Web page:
The CDC’s unscientific “Test to Stay” program: A pro-corporate COVID-19 policy to keep schools open

Amid an unprecedented surge in the COVID-19 pandemic due to the highly transmissible Omicron variant, the Biden administration and all state governments are intent on reopening K-12 schools after the holiday break, no matter the human cost. This week, millions of school-aged children have been forced back into thousands of overcrowded, poorly-ventilated classrooms in K-12 public schools, a criminal policy which will further accelerate the surge in infections, hospitalizations, long-term illness and deaths due to COVID-19.

Jonathan Pagliarulo, 11, gets tested for COVID-19, after vaccinated family members tested positive for the virus, Monday, Aug. 9, 2021, in North Miami, Fla. (AP Photo/Marta Lavandier)

Alongside the ongoing loosening of safety mitigations at K-12 campuses, many districts across the US will be implementing various forms of “Test to Stay” (TTS), a COVID-19 testing program designed to keep schools open as children become infected. This reckless policy was recently endorsed by the Biden administration and given pseudo-scientific justification by the Centers for Disease Control and Prevention (CDC) through their official TTS guidelines.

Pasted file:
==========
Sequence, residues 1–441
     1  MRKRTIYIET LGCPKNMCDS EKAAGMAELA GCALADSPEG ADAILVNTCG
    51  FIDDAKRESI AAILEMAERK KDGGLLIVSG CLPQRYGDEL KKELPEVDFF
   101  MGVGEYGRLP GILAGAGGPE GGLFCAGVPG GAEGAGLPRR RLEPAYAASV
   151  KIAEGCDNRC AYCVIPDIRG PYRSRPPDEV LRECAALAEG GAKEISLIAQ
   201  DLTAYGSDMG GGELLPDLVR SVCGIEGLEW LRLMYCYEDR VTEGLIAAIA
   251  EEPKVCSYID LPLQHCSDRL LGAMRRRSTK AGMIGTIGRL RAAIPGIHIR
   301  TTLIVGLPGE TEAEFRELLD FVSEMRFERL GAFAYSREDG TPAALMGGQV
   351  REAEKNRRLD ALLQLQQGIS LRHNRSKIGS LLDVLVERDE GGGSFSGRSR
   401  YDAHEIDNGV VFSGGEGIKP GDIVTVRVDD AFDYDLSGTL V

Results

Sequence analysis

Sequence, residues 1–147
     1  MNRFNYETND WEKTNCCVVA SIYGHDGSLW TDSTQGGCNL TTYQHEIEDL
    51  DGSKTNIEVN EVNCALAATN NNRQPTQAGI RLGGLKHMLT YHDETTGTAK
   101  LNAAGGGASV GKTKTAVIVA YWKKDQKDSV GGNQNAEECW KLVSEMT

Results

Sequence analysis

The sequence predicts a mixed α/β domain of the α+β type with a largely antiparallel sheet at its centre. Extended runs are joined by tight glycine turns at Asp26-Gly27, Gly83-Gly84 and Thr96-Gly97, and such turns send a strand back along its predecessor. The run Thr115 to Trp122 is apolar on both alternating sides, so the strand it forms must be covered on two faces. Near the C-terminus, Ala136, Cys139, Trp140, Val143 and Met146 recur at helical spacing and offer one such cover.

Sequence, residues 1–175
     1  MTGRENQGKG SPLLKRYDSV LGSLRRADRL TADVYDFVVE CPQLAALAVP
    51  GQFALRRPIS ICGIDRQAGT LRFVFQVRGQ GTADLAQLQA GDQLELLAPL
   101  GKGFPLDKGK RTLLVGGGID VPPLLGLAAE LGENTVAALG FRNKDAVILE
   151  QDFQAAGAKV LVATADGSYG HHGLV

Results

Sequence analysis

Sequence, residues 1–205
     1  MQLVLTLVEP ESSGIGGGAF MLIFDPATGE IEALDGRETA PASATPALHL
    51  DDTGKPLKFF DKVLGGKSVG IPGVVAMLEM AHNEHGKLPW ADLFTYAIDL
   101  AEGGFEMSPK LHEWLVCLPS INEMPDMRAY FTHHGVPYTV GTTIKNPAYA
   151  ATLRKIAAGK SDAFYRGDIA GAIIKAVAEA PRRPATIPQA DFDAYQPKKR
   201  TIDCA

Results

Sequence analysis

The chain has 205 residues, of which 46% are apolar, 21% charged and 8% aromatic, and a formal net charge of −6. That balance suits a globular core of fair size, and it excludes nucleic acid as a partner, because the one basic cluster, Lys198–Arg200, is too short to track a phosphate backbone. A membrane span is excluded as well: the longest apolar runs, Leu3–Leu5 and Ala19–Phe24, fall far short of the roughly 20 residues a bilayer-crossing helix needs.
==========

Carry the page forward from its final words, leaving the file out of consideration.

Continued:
The CDC guidelines for TTS state that unvaccinated and exposed students may remain in school if those students adhere to CDC quarantine guidance outside of the K-12 school setting and are tested in school. The CDC guidelines, which were designed prior to Omicron, falsely claim that the testing program is a “safe” and successful means of reducing the loss of in-person school days from at-home quarantine.